What the Ritz had going for them was timing and money.  The island was desperate to recover after a major, major hurricane and the Ritz quickly became a symbol of the recovery.  They played that card to perfection and ended up with a huge and impressive resort unlike anything the island had seen. 

The Ritz also raised the bar in terms of real estate prices.  There were ocean front condos going from $1 million to $10 million, bringing in all types of folks with money to burn.  This group included the one and only Ed Belfour, former goalie for the Chicago Blackhawks, Dallas Stars and Toronto Maple Leafs.   I have no idea how expensive a property Eddie bought, but he was such a curious newcomer to the island.  Here was a rough and gruff pit bull terrier from small town Manitoba who is best known for love of booze, women and the back seat of police cars.  He was not the type of clientele that I would have thought it was theoretically possible to run into while having Christmas Eve dinner at the Ritz Carlton.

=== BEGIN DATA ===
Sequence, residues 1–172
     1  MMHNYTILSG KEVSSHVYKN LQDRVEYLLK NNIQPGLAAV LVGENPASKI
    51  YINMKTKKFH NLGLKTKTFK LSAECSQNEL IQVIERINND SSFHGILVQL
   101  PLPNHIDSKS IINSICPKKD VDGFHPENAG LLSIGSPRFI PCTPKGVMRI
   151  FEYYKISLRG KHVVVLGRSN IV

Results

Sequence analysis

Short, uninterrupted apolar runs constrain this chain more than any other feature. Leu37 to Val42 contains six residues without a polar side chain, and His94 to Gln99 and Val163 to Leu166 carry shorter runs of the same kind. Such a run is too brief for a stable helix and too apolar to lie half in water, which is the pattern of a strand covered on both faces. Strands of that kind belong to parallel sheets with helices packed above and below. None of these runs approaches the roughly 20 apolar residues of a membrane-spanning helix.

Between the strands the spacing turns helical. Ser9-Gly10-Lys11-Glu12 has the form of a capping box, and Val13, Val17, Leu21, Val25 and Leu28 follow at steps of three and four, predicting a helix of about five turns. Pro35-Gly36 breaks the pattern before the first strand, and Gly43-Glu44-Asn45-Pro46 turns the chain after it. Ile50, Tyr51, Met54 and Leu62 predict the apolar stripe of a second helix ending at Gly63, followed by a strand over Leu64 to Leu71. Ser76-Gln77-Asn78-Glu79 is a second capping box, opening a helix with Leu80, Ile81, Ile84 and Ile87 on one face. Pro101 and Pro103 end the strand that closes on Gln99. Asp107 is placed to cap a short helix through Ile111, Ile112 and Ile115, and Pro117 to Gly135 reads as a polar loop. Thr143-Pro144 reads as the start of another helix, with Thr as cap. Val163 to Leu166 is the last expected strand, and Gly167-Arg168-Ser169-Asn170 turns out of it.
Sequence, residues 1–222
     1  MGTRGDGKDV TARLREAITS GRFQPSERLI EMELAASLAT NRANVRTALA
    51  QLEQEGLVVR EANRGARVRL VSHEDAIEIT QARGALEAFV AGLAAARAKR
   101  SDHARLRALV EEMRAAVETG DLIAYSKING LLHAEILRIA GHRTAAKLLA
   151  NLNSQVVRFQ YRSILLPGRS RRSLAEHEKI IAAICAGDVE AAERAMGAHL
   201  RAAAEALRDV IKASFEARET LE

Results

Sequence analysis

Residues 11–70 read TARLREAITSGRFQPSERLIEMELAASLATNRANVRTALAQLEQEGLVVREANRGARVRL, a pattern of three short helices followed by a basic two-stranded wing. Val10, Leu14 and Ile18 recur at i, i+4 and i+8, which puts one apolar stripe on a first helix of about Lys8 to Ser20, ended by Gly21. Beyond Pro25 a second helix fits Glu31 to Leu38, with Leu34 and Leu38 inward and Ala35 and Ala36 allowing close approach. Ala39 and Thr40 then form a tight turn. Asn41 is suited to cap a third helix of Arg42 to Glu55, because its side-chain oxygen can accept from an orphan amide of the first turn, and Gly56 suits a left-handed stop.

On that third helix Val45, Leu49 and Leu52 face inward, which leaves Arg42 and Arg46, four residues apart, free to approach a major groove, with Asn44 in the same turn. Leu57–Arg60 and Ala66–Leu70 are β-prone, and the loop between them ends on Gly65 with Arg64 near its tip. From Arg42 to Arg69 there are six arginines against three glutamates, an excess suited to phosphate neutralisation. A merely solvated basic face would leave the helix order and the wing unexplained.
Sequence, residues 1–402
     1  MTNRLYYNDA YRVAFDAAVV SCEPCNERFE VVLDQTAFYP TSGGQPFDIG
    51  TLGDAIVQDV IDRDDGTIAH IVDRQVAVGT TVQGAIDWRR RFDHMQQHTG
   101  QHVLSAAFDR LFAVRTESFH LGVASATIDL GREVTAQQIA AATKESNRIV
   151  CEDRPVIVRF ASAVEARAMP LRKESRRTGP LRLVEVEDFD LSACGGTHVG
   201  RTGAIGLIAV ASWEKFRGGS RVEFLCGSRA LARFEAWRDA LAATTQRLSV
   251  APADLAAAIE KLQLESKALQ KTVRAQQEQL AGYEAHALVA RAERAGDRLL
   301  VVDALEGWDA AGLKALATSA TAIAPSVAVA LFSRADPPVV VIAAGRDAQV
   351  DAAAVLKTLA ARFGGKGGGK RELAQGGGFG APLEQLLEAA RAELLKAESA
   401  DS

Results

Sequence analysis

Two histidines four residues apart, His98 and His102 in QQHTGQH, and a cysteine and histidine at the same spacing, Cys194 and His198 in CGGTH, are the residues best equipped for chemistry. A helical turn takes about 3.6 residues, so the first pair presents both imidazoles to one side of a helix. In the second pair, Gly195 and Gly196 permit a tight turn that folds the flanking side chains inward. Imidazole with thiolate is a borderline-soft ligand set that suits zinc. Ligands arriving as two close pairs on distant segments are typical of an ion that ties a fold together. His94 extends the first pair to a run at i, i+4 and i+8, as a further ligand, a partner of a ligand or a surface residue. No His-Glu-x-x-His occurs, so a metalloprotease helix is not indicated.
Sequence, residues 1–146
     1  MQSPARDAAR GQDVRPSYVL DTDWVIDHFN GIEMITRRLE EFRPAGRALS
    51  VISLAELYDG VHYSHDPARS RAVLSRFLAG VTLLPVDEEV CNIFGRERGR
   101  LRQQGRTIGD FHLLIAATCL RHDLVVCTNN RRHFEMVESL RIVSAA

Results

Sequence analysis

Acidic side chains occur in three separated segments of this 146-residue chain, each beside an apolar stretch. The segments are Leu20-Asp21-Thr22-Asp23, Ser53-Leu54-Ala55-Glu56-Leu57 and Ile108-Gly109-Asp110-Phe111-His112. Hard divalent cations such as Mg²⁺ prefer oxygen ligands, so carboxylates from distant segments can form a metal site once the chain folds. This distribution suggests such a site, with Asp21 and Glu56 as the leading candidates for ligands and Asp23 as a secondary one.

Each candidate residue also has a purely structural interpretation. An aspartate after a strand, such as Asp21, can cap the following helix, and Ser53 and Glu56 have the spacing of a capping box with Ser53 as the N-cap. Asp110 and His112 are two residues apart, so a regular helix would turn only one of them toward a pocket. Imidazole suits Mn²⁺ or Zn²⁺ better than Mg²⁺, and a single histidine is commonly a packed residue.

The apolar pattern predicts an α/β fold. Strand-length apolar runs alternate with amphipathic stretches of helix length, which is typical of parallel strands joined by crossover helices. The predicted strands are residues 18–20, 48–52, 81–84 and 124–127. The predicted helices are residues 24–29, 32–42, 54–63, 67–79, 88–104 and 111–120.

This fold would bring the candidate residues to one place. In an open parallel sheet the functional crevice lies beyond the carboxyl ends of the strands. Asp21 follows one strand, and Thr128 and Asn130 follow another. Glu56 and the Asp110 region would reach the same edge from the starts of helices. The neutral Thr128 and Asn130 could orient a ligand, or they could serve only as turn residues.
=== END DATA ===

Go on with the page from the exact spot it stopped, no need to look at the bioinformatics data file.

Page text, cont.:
At the same time that the Ritz was getting built and Belfour was buying his place, a mini version of Tiger-mania swept over the islands.   It was April 2005, a couple of days after Woods had won his 4th Masters title.  It was that Masters where he hit that incredible chip on the 16th hole that went out to the far side of the green, trickled back towards Tiger and the hole, appeared to stop and then dropped in for the birdie.  It was followed by some comically bad high fiving between Tiger and his caddie and followed later by a playoff victory over Chris DiMarco.